For the sixth time in the last 10 seasons there is no Polish club representation in either of the two European club competitions at the group stage. Although everyone agrees that Polish club football should be much stronger than it is, no one knows what to do about it. However, some key incidents which played an undoubted part in weakening both Legia Warsaw and Slask Wroclaw, point to the very poor financial situation the Polish game finds itself in. The words ‘dire straits’ would not be an exaggeration.

The writing appeared on the wall halfway through last season when suddenly, right out of the blue, Legia Warsaw lost three key players who just upped and left to play abroad. It might have been understandable if Poland’s richest club were out of Europe and the temptation for these players to leave had come from some of the continent’s bigger clubs. But first Ariel Borysiuk joined Bundesliga strugglers Kaiserslautern, then Maciej Rybus and Marcin Komorowski decided that helping lowly Terek Grozny fight to stay in the Russian Premier League was better than having a crack at the Europa League. The reason for these strange decisions was quite simply money, a lot more of it than they were getting at the Lazienkowska. It is believed that Rybus was offered €1M per year, which amounts to almost ten times the amount the left winger was paid at Legia. And this also highlights how out of touch financial thinking is in Polish football compared to the rest of Europe.

The popular opinion is that footballers in Poland’s top flight, the Ekstraklasa, are overpaid, and that is true when their earnings are compared to other workers. But in the mad world of European football the highest paid Polish footballers earn a pittance compared to those even in Russia and the Ukraine, never mind the top western European leagues. This was clearly demonstrated by Borysiuk, Rybus and Komorowski’s departures.

In many respects Poles are quite right and mediocre players should not be paid silly money. But where they get it wrong is failing to distinguish between good players and bad ones, and not rewarding the better players with enough money to stop them from leaving and weakening a good side, as happened at Legia last season. Not many clubs can just lose three key players without feeling the effects and that almost certainly contributed to the Warsaw side’s failure to make the Europa League group stage this season, against mediocre opposition.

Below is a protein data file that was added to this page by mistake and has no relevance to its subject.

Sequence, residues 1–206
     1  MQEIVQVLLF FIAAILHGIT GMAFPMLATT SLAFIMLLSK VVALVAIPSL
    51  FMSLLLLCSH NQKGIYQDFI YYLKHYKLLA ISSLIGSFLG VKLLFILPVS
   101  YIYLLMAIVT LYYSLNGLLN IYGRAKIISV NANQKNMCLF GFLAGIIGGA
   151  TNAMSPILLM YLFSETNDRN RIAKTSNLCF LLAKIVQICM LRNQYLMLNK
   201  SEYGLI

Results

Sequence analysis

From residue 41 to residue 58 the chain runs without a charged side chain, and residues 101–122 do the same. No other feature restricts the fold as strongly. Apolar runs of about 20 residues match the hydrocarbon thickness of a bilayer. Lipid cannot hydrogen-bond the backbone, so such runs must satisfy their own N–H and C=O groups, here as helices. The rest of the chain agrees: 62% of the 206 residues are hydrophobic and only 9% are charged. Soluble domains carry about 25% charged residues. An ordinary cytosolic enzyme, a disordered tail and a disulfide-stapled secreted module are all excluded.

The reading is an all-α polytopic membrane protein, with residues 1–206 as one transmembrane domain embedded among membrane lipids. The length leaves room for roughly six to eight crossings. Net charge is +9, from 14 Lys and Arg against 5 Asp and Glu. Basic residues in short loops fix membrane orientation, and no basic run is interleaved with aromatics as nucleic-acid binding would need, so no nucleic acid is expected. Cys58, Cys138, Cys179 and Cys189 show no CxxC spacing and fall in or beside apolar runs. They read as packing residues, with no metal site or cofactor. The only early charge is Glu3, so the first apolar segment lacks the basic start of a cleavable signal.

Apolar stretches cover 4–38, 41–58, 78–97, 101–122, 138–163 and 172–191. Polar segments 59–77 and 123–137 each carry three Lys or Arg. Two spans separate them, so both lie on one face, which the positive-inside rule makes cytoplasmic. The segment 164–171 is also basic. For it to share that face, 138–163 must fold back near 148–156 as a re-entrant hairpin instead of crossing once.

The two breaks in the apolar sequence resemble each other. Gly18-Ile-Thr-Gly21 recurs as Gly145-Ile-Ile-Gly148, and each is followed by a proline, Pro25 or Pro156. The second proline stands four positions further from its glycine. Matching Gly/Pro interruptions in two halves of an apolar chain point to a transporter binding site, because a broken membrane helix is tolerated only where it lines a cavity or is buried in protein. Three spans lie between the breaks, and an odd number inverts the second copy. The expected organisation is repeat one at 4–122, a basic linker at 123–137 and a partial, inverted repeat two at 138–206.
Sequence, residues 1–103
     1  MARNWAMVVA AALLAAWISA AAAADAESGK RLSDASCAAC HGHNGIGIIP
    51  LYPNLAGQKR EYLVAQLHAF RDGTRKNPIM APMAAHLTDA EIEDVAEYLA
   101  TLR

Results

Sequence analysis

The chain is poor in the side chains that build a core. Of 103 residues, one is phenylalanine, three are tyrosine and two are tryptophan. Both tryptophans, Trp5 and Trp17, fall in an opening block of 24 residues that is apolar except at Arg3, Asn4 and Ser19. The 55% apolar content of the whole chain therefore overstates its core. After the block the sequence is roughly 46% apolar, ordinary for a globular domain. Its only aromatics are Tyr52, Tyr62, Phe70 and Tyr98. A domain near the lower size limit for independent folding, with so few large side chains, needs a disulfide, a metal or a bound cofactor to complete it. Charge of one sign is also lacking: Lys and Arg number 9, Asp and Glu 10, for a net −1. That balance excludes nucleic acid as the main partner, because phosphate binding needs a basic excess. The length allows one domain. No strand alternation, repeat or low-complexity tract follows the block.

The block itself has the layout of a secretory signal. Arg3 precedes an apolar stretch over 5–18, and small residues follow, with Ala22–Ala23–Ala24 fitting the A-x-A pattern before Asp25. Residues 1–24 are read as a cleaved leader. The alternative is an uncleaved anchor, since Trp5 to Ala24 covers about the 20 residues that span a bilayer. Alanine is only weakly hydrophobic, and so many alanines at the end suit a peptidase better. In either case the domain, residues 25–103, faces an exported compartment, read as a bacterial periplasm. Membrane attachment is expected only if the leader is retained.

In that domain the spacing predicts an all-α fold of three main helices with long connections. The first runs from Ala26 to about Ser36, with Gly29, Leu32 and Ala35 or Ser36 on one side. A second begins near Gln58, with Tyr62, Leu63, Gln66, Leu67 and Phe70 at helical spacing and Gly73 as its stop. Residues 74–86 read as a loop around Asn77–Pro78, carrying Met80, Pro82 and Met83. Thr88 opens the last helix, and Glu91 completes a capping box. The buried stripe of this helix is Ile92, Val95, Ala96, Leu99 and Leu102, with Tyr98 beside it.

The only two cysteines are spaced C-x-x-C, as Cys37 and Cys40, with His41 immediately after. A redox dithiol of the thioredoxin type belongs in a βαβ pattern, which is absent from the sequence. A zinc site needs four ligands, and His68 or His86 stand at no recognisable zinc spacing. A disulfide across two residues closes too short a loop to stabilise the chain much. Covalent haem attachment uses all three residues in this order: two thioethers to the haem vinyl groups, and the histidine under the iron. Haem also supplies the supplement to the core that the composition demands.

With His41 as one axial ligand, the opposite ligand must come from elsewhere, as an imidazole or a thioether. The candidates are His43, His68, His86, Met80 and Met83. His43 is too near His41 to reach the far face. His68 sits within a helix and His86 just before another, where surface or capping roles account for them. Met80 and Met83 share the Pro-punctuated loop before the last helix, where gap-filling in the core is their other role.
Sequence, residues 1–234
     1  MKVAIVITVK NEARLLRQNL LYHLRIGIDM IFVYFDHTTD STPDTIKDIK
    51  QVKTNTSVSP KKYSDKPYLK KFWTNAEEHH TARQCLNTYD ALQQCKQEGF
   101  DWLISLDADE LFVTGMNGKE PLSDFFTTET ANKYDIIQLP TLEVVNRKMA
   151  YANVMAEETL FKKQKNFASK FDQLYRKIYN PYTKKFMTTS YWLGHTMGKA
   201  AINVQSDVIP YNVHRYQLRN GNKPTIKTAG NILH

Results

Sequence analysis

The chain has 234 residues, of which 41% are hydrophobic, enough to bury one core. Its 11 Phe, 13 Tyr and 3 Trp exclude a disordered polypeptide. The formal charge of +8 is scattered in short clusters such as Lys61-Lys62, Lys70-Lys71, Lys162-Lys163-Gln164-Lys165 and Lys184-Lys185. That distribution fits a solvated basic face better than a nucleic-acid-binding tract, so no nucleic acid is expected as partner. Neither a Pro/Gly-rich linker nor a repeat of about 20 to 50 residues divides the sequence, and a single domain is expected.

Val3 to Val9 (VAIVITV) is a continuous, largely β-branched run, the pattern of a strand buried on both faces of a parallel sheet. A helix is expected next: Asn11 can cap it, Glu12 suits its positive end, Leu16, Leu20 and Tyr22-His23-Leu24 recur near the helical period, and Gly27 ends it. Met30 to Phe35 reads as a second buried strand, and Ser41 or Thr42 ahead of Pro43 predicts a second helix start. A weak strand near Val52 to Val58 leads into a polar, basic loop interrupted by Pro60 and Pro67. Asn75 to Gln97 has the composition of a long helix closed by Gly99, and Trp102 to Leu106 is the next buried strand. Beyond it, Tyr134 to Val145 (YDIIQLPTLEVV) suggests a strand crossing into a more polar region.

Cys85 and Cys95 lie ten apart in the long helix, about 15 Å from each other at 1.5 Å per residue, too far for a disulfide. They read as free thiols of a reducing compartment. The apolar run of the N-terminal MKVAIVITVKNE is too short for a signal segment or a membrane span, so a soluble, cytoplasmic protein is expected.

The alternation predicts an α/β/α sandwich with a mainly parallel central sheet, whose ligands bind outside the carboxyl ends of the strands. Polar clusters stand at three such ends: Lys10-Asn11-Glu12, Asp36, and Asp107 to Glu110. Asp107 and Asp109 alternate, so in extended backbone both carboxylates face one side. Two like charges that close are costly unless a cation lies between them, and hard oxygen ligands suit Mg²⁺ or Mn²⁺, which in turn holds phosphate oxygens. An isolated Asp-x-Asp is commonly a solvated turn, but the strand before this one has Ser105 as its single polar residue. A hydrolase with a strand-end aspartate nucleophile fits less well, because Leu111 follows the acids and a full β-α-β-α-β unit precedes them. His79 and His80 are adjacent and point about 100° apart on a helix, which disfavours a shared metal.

The financial crisis at champions Slask Wroclaw also demonstrated how out of touch some Polish backers are with the game. It would be interesting to know who managed to convince Polish billionaire Zygmunt Solorz-Zak that he was going to make money out of investing in Slask, because that is the thought he is believed to have had. Very few can make a fortune out of football, except footballers; owners are just there to get rid of their money for their self satisfaction.

When the zloty finally dropped and the owner of TV station Polsat twigged that his money was going in one direction with very little chance of it coming back multiplied many times over, he pulled the financial plug on the club. This left the newly-crowned Polish champions in serious trouble and resulted in the loss of several players and plummeting morale, which always happens in these situations. Since then the municipality of Wroclaw has had to step in, even though Solarz-Zak still remains on the board.

The club’s dire straits have been further exposed with the appointment of Orest Lenczyk’s successor as coach, Stanislav Levy, an unheard of Czech whose claim to fame is guiding Skenderbeu Korce to the Albanian championship (followed by a swift exit from the Champions League qualifiers at the hands of Hungary’s Debrecen). However, financial considerations are foremost in this decision – Levy will be paid half the amount Lenczyk earned.

Such are the stark realities of Polish football with little chance of improvement in the foreseeable future. The Polish game finds itself in a classic ‘Catch 22’ situation where to attract investment it needs success in Europe. But to succeed in Europe, teams need good players and coaches – and they cost money.